Paw Paws, The Best Wild Fruit You've Never Heard Of
Imagine you are visiting a lush tropical resort. Upon your arrival, you are greeted with a platter of a fruit you have never seen before. The fruit's flesh is a creamy pale yellow, the texture like a soft banana. The flavor is a cross between a mango, a banana, has just a hint of melon, and finishes with a yeasty touch reminiscent of a good beer. Sound like something you would try?
The fruit in question is the paw paw. And you don't have to go to the tropics to enjoy one. Paw paws grow wild over most of the eastern United States. They are an understory tree, forming a lush layer of green below towering hardwoods.
Paw paws don't keep long, so dig out the flesh, vacuum seal it to freeze, or make paw paw preserves to add to other dishes throughout the year. Homemade paw paw ice cream is a treat you won't soon forget.
For this recipe, I made a thick custard and blended paw paw pulp into it, then used the custard as a filling for fried Paw Paw Custard Hand Pies. Give it a try. You won't be sorry.
2 cups paw paw pulp
6 egg yolks
1 cup sugar
3 cups milk
2 tablespoons corn starch
1 envelope unflavored gelatin
1 tablespoon bourbon
1 tablespoon lemon juice
2 1/2 cups all-purpose flour, plus more for dusting
2 teaspoons sugar
1/2 teaspoon kosher salt
1/4 cup lard, chilled and cut into pieces
1 1/2 sticks cold butter, diced
4 to 8 tablespoons ice water
2 teaspoons apple cider vinegar
For the dough, in a food processor or large bowl, mix flour, sugar and salt. Gradually cut in the cold butter and lard, a small piece at a time, until all of it is incorporated and looks like small grains of meal blended into the flour. Work in the vinegar. Start adding the ice water, a tablespoon at a time, working with a fork or pulsing the food processor until dough comes together in a ball. The dough should just hold together when squeezed, but not be sticky or wet.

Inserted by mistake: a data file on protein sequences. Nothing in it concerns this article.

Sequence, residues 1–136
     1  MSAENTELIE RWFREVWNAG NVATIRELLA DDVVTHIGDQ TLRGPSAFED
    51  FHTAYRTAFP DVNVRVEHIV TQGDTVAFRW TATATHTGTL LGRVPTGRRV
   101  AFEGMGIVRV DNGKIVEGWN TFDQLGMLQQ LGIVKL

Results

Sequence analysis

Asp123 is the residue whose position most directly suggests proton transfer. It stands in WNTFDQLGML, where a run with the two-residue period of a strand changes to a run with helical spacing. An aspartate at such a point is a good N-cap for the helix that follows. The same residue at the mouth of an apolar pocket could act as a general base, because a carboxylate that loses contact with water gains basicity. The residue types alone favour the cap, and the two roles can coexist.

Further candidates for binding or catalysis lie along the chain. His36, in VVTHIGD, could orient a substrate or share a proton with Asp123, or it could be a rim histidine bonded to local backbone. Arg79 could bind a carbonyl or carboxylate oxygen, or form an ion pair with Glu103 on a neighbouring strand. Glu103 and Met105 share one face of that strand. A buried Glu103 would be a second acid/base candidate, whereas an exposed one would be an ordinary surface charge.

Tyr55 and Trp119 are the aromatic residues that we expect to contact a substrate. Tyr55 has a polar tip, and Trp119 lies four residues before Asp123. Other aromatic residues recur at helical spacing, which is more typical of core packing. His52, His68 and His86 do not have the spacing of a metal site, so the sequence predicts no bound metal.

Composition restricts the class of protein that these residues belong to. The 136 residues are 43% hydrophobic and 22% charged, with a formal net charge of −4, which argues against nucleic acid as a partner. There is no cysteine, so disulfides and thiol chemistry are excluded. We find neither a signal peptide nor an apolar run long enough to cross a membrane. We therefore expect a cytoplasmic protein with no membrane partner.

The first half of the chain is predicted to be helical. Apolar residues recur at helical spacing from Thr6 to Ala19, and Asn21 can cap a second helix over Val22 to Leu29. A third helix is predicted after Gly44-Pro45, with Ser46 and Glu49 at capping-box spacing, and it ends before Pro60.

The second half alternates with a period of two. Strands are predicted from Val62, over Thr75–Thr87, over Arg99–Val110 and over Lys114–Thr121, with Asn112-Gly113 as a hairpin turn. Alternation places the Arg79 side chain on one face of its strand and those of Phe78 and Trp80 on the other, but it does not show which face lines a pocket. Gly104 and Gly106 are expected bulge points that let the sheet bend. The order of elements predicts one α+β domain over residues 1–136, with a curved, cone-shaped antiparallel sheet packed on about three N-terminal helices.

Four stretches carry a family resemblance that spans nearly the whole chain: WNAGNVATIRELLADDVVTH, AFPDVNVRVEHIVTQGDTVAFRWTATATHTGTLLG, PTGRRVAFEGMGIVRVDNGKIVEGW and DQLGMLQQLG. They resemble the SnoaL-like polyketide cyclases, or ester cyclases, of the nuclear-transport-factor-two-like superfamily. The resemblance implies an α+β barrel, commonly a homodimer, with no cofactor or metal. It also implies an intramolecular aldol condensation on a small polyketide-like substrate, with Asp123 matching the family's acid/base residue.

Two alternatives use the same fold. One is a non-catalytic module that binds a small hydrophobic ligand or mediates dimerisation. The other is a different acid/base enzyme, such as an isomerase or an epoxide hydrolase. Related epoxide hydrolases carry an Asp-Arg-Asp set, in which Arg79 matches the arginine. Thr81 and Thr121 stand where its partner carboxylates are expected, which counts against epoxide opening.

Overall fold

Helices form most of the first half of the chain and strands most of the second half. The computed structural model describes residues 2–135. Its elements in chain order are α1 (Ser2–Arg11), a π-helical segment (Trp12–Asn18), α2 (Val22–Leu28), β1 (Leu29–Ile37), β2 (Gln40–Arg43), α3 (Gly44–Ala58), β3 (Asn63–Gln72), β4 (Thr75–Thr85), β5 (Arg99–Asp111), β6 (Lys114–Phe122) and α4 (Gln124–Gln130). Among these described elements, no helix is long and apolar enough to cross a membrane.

Wrap the dough in plastic wrap or a zip-style bag and refrigerate for at least one hour up to overnight.
For the filling, begin by adding the sugar, salt and corn starch to a medium saucepan. Mix well. Place the pan over medium heat and add the milk. Stir slowly and continue to heat until mixture comes to a boil and begins to thicken. Reduce heat and continue the mixture at a low boil for two more minutes.
Remove the pan from the heat and slowly ladle a bit of the hot mixture into the egg yolks, stirring constantly. Continue the process until you have added at least a cup to the egg yolks. Slowly add the warmed egg yolk mixture back to the pan and bring it to a boil again, stirring regularly. Boil the mixture for an additional two to three minutes and remove the pan from the heat again.
Add the paw paw pulp, the bourbon and the lemon juice and incorporate well. Sprinkle the unflavored gelatin over the surface and mix in. Transfer the mixture to a glass bowl and cover with plastic wrap, pressing the wrap down onto the surface of the custard to prevent a skin from forming. Chill the mixture well. The custard filling can be made up to three days in advance.
To make the pies, pinch off a golf ball sized chunk of the refrigerated dough. On a floured surface, roll the dough into a thin disk, about 6 inches across.